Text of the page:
Blaine Siegel and David Bernabo team up for an intriguing show at SPACE | Features | Pittsburgh | Pittsburgh City Paper

Blaine Siegel and David Bernabo team up for an intriguing show at SPACE

Beyond complementing the space, a few works really command it

Causal Loop, a two-artist show by local artists Blaine Siegel and David Bernabo, is as visually stark a show as I’ve seen at SPACE Gallery. The large main gallery is occupied by two dozen works. But Siegel’s mostly wall-mounted pieces are predominantly minimal, mixed-media abstracts heavy on whites and earth tones, and even Bernabo’s sizable assemblages of found (if previously carpentered) wood look tenuous, as though they might collapse at any moment, or be quickly disassembled and carted off by the next enterprising scrapper who wanders by.

The effect, which provokes contemplation of the gallery’s airiness, is intentional. In his artist statement, Siegel says his works in Causal Loop are inspired by his meditation practice. Bernabo, similarly, writes of his work as a “quiet outlet for reflection,” and of appreciating the “balance and impermanence” of these pieces — most of which look like there’s nothing holding each precarious plank to every leaned-upon board (though on closer inspection you’ll see the hinges).

Bernabo and Siegel’s works are complementary, just as both rhyme with SPACE’s own industrial vibe, its stained and scarred tile floor, as if someone had walked into a warehouse and made art from materials left lying around. Bernabo’s “Maximum II” is four planks mounted horizontally and flat 6 feet up the wall, with a wooden pole propped beneath, as though it’s (impossibly) holding them up. Siegel’s “The Following Is Changeable” is a single board painted white, mounted horizontally and sporting two circular holes, one with a carefully rendered sliver of orange peeking through from the otherwise white wall.

click to enlarge Blaine Siegel and David Bernabo team up for an intriguing show at SPACE
Blaine Siegel’s “The Great Escape”

Beyond complementing the space, a few works really command it, or notably comment on it. Siegel’s “Challengers of the Unknown” is a clever mobile, balancing a rock slung in a rope hammock, a metal plumb-line bob and a bent road-hazard sign, the latter wittily suspended from bungees. Bernabo’s “Generative Hammer” is an especially compelling use of the gallery’s distinctive, curved-window prow that juts onto the Liberty Avenue sidewalk, even if the work suggests less a hammer than scrap wood self-animated but frozen in the act of climbing free of the gallery. His “Land Slide,” also in SPACE’s front window, is a cobbled-together ramp that plays especially well with that “balance and impermanence” theme. And Bernabo’s “Lost Blocks” is a dozen strips of wood arranged in a fan and tucked between the crest of a divider wall and the gallery’s high ceiling: a way-up-high niche I’ve never before seen used at SPACE.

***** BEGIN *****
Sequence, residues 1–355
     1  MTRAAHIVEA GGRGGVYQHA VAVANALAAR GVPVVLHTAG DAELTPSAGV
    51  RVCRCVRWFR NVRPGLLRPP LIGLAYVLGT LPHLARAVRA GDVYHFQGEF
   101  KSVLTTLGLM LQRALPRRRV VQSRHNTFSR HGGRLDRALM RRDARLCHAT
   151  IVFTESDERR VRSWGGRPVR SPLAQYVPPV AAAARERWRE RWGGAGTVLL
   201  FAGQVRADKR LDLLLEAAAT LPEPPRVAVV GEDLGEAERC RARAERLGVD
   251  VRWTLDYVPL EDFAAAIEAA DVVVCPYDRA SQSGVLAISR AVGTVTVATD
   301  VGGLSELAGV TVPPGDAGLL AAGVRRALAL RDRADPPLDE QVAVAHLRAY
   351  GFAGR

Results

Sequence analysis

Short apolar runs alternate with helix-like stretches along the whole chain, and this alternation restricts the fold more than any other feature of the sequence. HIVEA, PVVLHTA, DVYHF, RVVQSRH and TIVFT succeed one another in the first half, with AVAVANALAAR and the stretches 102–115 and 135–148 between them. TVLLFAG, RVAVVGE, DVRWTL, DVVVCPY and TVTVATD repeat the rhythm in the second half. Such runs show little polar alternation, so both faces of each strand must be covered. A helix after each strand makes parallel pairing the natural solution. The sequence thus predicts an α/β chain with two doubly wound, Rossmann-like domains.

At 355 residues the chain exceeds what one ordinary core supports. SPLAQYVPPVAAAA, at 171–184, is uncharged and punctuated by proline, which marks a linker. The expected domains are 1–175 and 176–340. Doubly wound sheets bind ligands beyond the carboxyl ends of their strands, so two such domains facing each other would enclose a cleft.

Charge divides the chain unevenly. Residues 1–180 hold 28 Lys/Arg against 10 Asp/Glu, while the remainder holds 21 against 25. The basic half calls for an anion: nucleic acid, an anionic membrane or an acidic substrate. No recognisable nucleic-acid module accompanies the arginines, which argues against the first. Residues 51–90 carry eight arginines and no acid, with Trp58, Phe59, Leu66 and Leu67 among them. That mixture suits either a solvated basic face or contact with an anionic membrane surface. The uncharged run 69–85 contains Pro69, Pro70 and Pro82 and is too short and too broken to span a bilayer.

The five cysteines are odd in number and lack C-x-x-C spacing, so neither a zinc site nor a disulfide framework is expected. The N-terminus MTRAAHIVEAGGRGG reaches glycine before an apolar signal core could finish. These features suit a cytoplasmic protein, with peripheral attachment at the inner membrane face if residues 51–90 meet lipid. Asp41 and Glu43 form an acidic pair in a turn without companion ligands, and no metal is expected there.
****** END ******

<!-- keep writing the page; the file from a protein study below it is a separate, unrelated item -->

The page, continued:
These objects are novel and intriguing. Siegel’s curious “Carcass” jars us by incorporating an organic element: eight bullhorns, some painted in abstract designs, strung across a wall on a thick cord. Another amusing outlier is “Escape Hatch,” a jointly credited trompe l’oeil wall drawing of an exit door. 

Much of Siegel’s other work suggests a pleasing kind of 3-D graphic design. Consider “Luxor,” whose four salvage planks, painted with simple geometric designs, bar a cream-colored triangle, and “Zeus,” which incorporates its title in a slash of text. The triangle in “The King Is Defeated” is painted on a sheet of framed glass, with additions including a small hemispherical shelf. Siegel’s “The Great Escape,” meanwhile, suggests his own more design-oriented take on Bernabo’s work with painted wooden molding.

Causal Loop also includes video by Bernabo. “Plausible Loop,” screening on a monitor on the floor, is low-res black-and-white footage of long strips of veneer paneling that (thanks to the magic of reversed footage) spastically collapse and rise endlessly in a slow-motion three-second loop, seemingly to recall the potential fate of all Bernabo’s constructions. Meanwhile, a separate small gallery is devoted to “The Reduction,” an immersive three-channel video documenting Bernabo’s recent eponymous performance work for four dancers (including him), three roaming onstage videographers and a musician.

On a stage filled with mundane props — planks, blankets, shoeboxes, chairs — the dancers sometimes work together but more often move independently, engaging in imaginative if solipsistic play with the objects. Often they hop, twitch and convulse, but all very deliberately and impassively, as if playing a very familiar but somewhat serious game. The video’s soundtrack feels independent of the images. Yet with its hand-held camera work, close-ups and three simultaneous perspectives, this video might be an ideal way to watch the performance, which as a whole suggests a group of creative, limber people who’ve been overcaffeinated and then locked into a two-car garage (itself maybe not a bad metaphor for contemporary society).

In its fascination with the manipulation of objects, and a certain deep-rooted sense of 

tactility, “The Reduction” echoes the whole of Causal Loop: thoughtfully playful, oddly provocative.

[Editor's note: A reference in this review to a particular artwork was removed because, unbeknownst to the reviewer, that work was actually a projected video that was not functioning on the date the gallery was visited.]